We’ve already profiled some of the non-roster invitees at Spring training, and also broken down the starting catcher battle. Today, let’s evaluate the suitors for the utility infield position. The candidates aren’t all that great, but then again, this is a backup role. It will be a vital position for the Yankees, however, since Derek Jeter, Kevin Youkilis, and even Alex Rodriguez will need some time at DH or on the bench.
There are four players likely to be considered for the position. Two of them, Eduardo Nunez and Jayson Nix, are very familiar given past experience with the Yankees. The other two, Gil Velazquez and Addison Maruszak, are on the outside looking in, but will still probably get a look nonetheless.
Nunez has been a polarizing figure for the Yankees in recent years. It’s pretty evident that management is a big fan of him, despite his poor playing drawing ire from objective observers. Although the club declared him as a full-time shortstop after a demotion mid-2012, thinking it would help resolve some of his defensive woes, he’s back to being considered a utility man.
The biggest flaw in Nunez’ game, strong emphasis on biggest, is his defense. He is well below average per UZR at second base, third base, and shortstop. It doesn’t take advanced metrics to show this, though, as he accumulates errors like kids piling up candy on Halloween. Moreover, he’s already up to his old tricks early in Spring Training. Offensively, Nunez doesn’t offer much. A career 88 wRC+ in 491 career plate appearances is nothing to write home about, and his only above average wRC+ season in the minors came in 2009. The two positives in his offensive game are his speed and contact. He’s 38/46 in stolen bases at the major league level, and only strikes out 10.4% of the time. ZiPS projects Nunez to post a paltry .292 wOBA.
Nix is more reliable defensively than Nunez, but isn’t much of a hitter himself. He’s primarily played second and third in his career, but has a decent chunk of time at shortstop. Depending at what metrics you look at, he’s essentially your middle of the road defensive infielder. He’s a plus at second base, where DRS and UZR rate him well. At third, DRS has Nix above average, while UZR has him right at the midpoint. Short is his worst position, by far. I would say this could be his candidacy’s downfall, considering Jeter will need time off, but look who he’s competing against in terms of fielding. Offensively, ZiPS likes Nix to post a .291 wOBA in 2013, virtually identical to Nunez.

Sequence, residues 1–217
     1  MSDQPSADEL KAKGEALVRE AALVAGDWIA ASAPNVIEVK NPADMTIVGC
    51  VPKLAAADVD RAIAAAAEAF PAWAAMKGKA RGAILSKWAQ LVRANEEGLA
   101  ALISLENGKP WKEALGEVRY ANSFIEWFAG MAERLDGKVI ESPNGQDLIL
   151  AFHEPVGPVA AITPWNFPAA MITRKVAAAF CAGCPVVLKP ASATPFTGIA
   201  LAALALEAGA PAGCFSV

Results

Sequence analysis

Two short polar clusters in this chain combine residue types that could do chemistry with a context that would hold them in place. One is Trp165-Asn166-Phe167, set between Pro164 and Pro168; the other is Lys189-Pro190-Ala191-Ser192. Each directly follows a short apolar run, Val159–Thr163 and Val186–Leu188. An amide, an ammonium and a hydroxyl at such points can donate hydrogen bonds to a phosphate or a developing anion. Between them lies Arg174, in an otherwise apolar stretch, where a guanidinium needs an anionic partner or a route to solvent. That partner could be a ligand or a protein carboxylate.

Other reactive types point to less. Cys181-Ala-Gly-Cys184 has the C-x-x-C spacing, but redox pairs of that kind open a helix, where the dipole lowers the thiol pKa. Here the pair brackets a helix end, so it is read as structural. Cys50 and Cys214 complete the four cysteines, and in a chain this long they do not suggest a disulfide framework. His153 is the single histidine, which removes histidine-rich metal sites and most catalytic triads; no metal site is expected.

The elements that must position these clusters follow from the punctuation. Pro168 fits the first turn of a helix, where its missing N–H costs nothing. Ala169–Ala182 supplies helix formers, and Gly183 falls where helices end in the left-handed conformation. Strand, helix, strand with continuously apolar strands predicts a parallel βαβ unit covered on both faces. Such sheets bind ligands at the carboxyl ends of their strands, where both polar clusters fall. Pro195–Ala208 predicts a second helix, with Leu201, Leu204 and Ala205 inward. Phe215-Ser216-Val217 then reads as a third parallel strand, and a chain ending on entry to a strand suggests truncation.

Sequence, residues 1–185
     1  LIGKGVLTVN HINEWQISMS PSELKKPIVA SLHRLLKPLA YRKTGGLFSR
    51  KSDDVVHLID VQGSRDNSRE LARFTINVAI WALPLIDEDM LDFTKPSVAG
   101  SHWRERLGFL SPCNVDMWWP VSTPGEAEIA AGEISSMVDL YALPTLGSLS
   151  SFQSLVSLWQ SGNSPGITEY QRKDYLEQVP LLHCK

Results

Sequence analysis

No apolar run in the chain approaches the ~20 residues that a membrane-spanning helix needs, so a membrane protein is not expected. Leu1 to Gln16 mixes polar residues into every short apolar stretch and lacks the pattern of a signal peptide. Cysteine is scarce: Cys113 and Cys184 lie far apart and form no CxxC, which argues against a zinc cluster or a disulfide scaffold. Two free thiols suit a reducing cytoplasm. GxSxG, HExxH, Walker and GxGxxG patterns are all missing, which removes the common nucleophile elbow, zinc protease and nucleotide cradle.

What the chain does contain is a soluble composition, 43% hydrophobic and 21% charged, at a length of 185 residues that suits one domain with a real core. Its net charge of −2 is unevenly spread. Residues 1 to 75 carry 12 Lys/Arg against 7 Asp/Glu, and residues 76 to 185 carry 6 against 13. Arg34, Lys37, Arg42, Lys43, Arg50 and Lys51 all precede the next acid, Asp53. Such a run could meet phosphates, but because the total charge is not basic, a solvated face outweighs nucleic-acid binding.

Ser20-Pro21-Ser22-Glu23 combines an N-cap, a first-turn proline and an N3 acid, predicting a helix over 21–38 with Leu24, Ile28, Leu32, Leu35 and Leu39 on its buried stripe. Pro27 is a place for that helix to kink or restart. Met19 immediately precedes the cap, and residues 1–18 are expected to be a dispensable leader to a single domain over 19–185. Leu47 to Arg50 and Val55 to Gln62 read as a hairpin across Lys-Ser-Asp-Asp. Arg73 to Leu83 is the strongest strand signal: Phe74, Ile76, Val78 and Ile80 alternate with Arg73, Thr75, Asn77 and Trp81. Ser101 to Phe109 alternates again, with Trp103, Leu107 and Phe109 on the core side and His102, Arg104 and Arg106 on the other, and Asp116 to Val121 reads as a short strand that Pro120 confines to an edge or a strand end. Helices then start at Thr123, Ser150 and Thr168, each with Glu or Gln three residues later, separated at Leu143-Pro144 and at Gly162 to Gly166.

On the outside looking in are non-roster invitees Velazquez and Maruszak. Let’s take a look at what Chris had to say about the two of them in his previous article. First, Velazquez:
Velazquez is a 33-year-old journeyman infielder who’s only seen minimal time in the majors. He has hit well in AAA the last couple of years and can play second, third, and short. Velazquez might be useful in a pinch, but has literally no upside. He’ll probably spend most of the year in AAA but may see some time in the Bronx if the Yankees need short-term infield depth.
Maruszak is already 26 and has yet to make it out of AA. The clock is ticking on his career. He can play all over the infield though and did have a minor breakout last season (117 wRC+) so there’s reason to be optimistic. He’ll probably head to AAA and may get a cameo if there’s an injury or two in the infield. He’s in the same boat as Gil Velazquez.
ZiPS projects Velazquez to hit .273 in terms of wOBA, and overall be replacement level. There’s no ZiPS projection for Maruszak, but Oliver foresees a .303 wOBA which is probably a bit optimistic.
The safe choice for the job would be Nix. He can’t hit, but we also know that he’s not going to have a defensive meltdown, potentially costing a game. Even if Nunez is a slightly better hitter, his defensive play negates any contributions at the dish. Nix isn’t currently on the 40-man roster, but could be easily added with the transition of Manny Banuelos or Michael Pineda to the 60-day disabled list.
While I prefer Nix, I expect Nunez to be given nod knowing the organization’s affinity for him. There’ll be plenty of time for him to get at bats considering the need to rest the vets on the left side of the infield, plus he may get some run as the DH vs. lefties. He hasn’t done anything to warrant yet another opportunity, but the Yankees clearly aren’t ready to give up.
Photo by Keith Allison [CC-BY-SA-2.0], via Wikimedia Commons